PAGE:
The Vatican's saint-making office has updated its procedures for authenticating and conserving relics for would-be saints, issuing new rules that govern how body parts and cremated remains are to be obtained and venerated. The instruction explicitly rules out selling hands, heads, teeth and other body parts of saints that often fetch high prices in online auctions. It also warns that the church may have to obtain consent from relatives before unearthing the remains of candidates for sainthood.
, FILE - In this file photo taken on April 10, 2014, Sister Amelia from the Daughters of Charity stands in front of the altar where the bloodstained undershirt worn by Pope John Paul II during the assassination attempt on May, 13, 1981, is kept, in Rome. The Vatican's saint-making office has updated its rules for authenticating and conserving relics for would-be saints, issuing detailed new guidelines that govern how body parts and cremated remains are to be obtained, transferred and venerated. (AP Photo/Gregorio Borgia)
16 of December 2017 17:37:34
VATICAN CITY (AP) — The Vatican's saint-making office has updated its rules governing the use of relics for would-be saints, issuing detailed new guidelines Saturday that govern how body parts and cremated remains are to be obtained, transferred and protected for eventual veneration.
The instructions explicitly rule out selling the hair strands, hands, teeth and other body parts of saints that often fetch high prices in online auctions. They also prohibit the use of relics in sacrilegious rituals and warn that the church may have to obtain consent from surviving family members before unearthing the remains of candidates for sainthood.
Bodily relics are an important part of Catholic tradition, since the body is considered to be the "instrument" of the person's saintliness. Beatification and canonization Masses often feature the relic being ceremoniously brought to the altar in an elaborate display case and allowing the faithful to publicly venerate the new blessed or saint for the first time.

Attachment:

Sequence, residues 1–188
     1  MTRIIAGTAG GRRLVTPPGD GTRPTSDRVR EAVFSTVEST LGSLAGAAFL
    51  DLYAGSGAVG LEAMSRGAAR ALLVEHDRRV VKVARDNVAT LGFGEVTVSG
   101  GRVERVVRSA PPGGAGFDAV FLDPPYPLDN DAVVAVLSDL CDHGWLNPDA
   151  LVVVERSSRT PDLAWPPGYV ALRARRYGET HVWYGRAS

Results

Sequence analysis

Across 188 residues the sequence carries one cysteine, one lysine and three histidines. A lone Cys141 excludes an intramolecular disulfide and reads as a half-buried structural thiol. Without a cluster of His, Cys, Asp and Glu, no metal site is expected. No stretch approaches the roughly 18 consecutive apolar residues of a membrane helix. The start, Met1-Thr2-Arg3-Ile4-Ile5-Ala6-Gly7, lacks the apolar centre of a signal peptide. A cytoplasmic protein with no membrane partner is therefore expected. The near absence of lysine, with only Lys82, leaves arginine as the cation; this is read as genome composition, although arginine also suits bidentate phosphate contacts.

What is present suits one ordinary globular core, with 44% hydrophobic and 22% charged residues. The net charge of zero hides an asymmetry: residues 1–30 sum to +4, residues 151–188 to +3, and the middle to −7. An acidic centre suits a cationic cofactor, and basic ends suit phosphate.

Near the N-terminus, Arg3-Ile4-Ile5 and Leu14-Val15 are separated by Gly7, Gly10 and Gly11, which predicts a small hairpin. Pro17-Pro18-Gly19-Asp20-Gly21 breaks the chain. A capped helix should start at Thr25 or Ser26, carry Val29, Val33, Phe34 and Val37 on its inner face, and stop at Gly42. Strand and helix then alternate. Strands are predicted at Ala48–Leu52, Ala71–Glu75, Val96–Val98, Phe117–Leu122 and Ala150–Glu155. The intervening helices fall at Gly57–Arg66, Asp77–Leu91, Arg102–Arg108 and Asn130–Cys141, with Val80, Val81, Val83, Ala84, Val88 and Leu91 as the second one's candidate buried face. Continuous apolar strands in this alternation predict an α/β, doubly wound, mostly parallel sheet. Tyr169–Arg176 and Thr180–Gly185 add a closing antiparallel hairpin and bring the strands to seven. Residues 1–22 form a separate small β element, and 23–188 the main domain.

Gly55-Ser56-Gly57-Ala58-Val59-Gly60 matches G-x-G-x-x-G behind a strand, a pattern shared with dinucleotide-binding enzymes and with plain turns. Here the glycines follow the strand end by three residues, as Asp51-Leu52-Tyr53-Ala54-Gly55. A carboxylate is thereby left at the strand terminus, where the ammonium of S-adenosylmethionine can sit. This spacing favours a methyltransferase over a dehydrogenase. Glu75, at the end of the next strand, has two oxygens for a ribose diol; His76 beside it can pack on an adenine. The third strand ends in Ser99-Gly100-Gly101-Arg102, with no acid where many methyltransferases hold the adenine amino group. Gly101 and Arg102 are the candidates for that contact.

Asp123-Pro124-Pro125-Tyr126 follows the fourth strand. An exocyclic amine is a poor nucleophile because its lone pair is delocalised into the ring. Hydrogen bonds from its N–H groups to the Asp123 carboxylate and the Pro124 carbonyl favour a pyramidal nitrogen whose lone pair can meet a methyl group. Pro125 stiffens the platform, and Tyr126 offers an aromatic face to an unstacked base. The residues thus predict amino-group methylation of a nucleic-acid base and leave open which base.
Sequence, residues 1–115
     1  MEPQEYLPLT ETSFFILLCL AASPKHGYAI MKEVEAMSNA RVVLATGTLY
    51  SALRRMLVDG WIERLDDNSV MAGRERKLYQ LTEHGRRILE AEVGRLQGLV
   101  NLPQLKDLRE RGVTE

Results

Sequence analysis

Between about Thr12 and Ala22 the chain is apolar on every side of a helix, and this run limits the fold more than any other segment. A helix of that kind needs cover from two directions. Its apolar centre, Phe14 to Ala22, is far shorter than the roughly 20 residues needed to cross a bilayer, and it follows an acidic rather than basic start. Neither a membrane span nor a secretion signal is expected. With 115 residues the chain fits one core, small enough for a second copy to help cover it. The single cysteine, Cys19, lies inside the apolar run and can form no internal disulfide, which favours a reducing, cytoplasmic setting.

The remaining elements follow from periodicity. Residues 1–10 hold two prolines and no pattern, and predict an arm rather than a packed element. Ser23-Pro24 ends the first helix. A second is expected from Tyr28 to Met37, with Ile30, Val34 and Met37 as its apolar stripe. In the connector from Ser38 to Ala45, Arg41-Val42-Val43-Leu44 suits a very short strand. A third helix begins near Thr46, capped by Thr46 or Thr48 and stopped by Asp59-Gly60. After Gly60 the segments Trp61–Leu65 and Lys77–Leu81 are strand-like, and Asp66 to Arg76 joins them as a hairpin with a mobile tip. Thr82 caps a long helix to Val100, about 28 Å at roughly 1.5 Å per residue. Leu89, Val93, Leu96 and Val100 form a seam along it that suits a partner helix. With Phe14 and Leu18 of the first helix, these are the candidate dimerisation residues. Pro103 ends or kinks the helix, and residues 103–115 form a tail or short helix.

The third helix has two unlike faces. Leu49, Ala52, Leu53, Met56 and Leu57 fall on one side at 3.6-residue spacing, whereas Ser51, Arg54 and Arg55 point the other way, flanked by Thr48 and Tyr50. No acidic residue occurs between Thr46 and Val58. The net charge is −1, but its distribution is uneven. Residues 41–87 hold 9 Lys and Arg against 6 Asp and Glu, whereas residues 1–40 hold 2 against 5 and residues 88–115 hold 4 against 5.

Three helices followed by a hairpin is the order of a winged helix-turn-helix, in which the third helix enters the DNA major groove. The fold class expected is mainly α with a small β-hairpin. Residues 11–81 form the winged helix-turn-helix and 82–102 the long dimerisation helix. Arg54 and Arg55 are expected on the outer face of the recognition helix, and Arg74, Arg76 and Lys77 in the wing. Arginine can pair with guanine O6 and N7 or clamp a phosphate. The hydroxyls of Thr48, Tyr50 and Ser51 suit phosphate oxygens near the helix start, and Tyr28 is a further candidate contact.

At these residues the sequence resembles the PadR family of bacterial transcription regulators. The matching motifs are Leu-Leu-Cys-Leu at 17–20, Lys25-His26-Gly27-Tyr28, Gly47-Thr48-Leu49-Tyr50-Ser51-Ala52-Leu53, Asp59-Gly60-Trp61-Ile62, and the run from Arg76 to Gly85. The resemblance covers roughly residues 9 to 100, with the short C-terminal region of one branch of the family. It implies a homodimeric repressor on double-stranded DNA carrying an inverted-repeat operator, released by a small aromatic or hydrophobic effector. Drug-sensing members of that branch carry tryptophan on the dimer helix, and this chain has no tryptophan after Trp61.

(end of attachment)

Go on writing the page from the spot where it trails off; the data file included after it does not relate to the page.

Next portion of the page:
Officials said the new guidelines were necessary given some obstacles that had arisen since the rules were last revised in 2007, particularly when surviving relatives and church officials disagreed. One current case before a U.S. appeals court concerns a battle over the remains of Fulton Sheen, an American archbishop known for his revolutionary radio and television preaching in the 1950s and 1960s.
Sheen's niece went to court to force the archdiocese of New York to transfer Sheen's body from the crypt of St. Patrick's Cathedral to Peoria, Illinois, where Sheen was born, ordained a priest and where his sainthood cause has been launched by Peoria's bishop.
The New York archdiocese refused and appealed a 2016 lower court ruling in favor of the niece. A decision from the appeals court is expected soon.
Monsignor Robert Sarno of the Vatican's Congregation for the Causes of Saints said it's impossible to know what difficulties could complicate a saint-making case or whether the new guidelines might have helped avoid the legal battle over Sheen.
But Sarno said the Vatican believed the updates were needed anyway to provide bishops around the world with a detailed, go-to guide in multiple languages to replace the Latin instructions that provided only general rules to follow.
New to the protocols is an article that makes clear that bishops must have the "consent of the heirs" in places where the bodies of the dead legally belong to surviving family members or heirs.
The revised instructions lay out in detail how a body is to be unearthed, saying it must be covered with a "decorous" cloth while a relic is being taken or authenticated, and then re-buried in clothes of similar style.
They also make clear that the bishops involved must agree in writing to any transfer of remains and call for absolute secrecy when a body is unearthed and a relic taken for eventual veneration.
The document repeats church teaching that relics from candidates for sainthood can only be venerated publicly once they have been beatified, the first step to possible sainthood, and not before.
The guidance explicitly allows for cremated remains to be used as relics. For most of its 2,000-year history, the Catholic Church only permitted burial, arguing that it best expressed the Christian hope for resurrection. But in 1963, the Vatican explicitly allowed cremation as long as it didn't suggest a denial of faith about resurrection.
The new instructions only cover the so-called "first class" of relics from the actual body of the saintly candidate. The church also recognizes second- and third-class relics, such as clothes and other materials that came into contact with the would-be saint's body.